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Everything posted by Ricci

  1. The 85Hz notch is fairly narrow and shallow. it wasn't in the raw measurements so it's likely some sort of artifact or perhaps an unintended EQ band. The port resonance cancellation at 160Hz cannot be filled in. Don't worry about that. If anything you may find that adding a band of EQ to knock that peak at 200Hz down may improve it a bit. The low pass is already pushing it way down in level but it may be worth a shot to knock it back another 10+dB. You may hear a difference or you may not. Response through the bass and mid bass region with the Danley's looks fairly smooth. For music and especially live sound or club work I'd run the bass quite a bit hotter. The crowd always loves the bass. Start with the JBL/Harmon curves and season to taste.
  2. Adding 2" of width shouldn't affect things much but I'd not add the height. Can you not lay the subs on their side so they are 36" wide? If you are using more than 4 or more subs you should be able to stack them or arrange side by side for plenty of width.
  3. You should use the semi inductance parameters. Green...The Red Le setting is only a best guess for when you do not have better information to go on. I'll go back and look at my Skhorn sim when I get a chance. I've got probably 100 records or more for the Skhorn going back years so it's possible I may have grabbed the wrong one or something.
  4. If you have the built in DSP you may as well use it right? Less cables, less pieces to fail. If it does not work for some reason perhaps look into another external DSP box. It cannot hurt to try the Skram's with the tops first. If you think you need the kick bins you can always build some later. Let us know how the material testing with Birch, Poplar, Carbon, Banova goes. I think this will be interesting for many of us.
  5. I don't see any issue with modifying the plans a bit for 15mm wood. It should still be strong enough. Banova ply for the interior bracing would be nice as we were just discussing it at AVS but it seems quite expensive. Carbon and epoxy bracing sounds interesting. What's the goal though? Weight savings? I don't generally use kick bins. I like subs that can get up fairly high in frequency and big mains that can get low with power so I don't usually add a third set of cabs. I like to put the extra weight and size of the kick bins into the subs and or mains, and have one less amplifier channel and set of DSP settings to worry about. YMMV. A lot of other guys swear by the kick bin approach. If your preference is for kick bins the Martin 215mk3 design gets a lot of praise but it's bigger and heavier than a Skram so it better be good! It'd be hard for me to pack a pair of those when I could add another <120Hz sub cab instead unless I was already running like 8+ subs. If I were designing a dedicated kick bin I would do a FLH, or plain old bass reflex for sure and not a TH or bandpass variant.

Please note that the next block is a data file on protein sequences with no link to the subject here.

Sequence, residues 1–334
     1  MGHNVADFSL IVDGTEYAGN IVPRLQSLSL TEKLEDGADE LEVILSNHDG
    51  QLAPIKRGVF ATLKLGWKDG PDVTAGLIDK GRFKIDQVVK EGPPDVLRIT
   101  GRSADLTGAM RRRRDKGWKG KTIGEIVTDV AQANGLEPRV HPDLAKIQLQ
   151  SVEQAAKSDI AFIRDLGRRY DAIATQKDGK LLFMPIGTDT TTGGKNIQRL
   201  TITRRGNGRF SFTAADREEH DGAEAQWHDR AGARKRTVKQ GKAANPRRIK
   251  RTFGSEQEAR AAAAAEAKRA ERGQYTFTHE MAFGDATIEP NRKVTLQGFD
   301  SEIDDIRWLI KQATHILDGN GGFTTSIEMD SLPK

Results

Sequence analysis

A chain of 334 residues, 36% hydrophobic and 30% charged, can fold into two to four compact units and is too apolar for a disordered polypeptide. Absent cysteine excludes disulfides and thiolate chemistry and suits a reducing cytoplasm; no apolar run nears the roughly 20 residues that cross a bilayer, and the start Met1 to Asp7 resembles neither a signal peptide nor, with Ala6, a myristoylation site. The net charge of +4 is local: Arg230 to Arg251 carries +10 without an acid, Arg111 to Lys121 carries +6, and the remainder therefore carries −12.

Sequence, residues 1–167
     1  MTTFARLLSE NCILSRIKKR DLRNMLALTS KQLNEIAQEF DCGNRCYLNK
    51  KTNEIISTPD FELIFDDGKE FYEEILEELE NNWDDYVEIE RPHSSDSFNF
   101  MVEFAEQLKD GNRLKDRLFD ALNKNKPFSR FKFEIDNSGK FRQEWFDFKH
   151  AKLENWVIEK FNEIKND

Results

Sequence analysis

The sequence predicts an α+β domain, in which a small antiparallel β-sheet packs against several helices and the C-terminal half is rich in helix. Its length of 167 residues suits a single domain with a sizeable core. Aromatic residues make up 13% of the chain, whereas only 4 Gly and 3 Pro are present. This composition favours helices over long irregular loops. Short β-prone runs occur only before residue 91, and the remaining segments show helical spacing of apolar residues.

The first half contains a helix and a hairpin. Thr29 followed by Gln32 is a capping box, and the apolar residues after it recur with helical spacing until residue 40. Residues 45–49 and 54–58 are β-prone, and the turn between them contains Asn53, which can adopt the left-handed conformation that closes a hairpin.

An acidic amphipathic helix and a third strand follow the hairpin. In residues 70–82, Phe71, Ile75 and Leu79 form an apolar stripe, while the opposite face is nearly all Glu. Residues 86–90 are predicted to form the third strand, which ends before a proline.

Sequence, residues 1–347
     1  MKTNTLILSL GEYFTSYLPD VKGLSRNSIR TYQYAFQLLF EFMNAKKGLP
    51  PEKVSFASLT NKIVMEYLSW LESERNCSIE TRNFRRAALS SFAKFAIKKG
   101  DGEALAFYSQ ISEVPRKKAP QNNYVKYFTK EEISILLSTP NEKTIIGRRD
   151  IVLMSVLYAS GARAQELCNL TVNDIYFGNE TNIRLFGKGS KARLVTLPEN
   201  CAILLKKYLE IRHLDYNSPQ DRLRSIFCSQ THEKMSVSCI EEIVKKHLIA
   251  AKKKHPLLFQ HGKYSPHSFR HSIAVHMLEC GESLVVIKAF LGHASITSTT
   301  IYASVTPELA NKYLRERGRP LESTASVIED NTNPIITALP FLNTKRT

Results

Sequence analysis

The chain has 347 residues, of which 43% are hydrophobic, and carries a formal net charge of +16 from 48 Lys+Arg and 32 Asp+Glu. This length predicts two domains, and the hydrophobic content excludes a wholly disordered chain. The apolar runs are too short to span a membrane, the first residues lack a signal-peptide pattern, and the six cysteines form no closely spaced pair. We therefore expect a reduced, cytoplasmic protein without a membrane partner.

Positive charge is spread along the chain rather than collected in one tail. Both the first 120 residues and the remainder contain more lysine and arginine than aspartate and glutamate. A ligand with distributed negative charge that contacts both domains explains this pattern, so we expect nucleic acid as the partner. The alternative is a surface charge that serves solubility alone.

6. That is correct. The relatively shallow 12 and 18dB filters have been adequate with the sine sweeps at max level which start at 2Hz. Also the pro drivers used in these and the Skhorn are VERY resistant to mechanical bottoming. A filter is recommended but there's no need for something like a 36 or 48dB octave slope for protection. I wouldn't go any steeper than 24dB.
  7. A pair of Skram's has larger back volume and vent area over a single Skhorn. The cab is just split in half for easier moving and arranging. I'd hesitate to go much bigger / heavier than the Skhorn in a single cab.
  8. Do you have the raw measurement with no filters for comparison?
  9. NSW6021-6 looks great in either the Skhorn or Skram. No mods needed. Same for the SAN214.50. If you want a larger back chamber use the Skram.
  10. Yes. These unload below tuning. The only cabs that do not are those with a sealed chamber on one side of the driver, or IB. I use 18dB BW most of the time. 12dB when I can get away with it. I never go any steeper than 24dB. It typically causes greatly increased group delay at the corner and removes any possibility of useful output below tune. Typically there is some useful output till about 1/3rd octave below tuning. Also extremely sharp cutoffs just seem to sound unnatural to me.
  11. Use the newest one. The old ones were probably a few iterations back. I've probably got 50+ Skram records with different drivers, vent configs, front chamber configs, alternate cab designs etc. Also when siming cabs you can come up with quite different results based on where you set the section points (S3,S4,etc) and how the throat is simed. The cab hasn't changed the sim inputs have. This is why I usually try to wait until I have measurements to determine the correct HR inputs. Jay's measurements confirmed which way of siming the cab is closest. Even with a lot of previous experience there are times where it's a bit of a guess until it's measured. Like the vent behavior mentioned earlier. This is also why I never assume other peoples cabinets perform like sim'd without seeing measurements to back it up.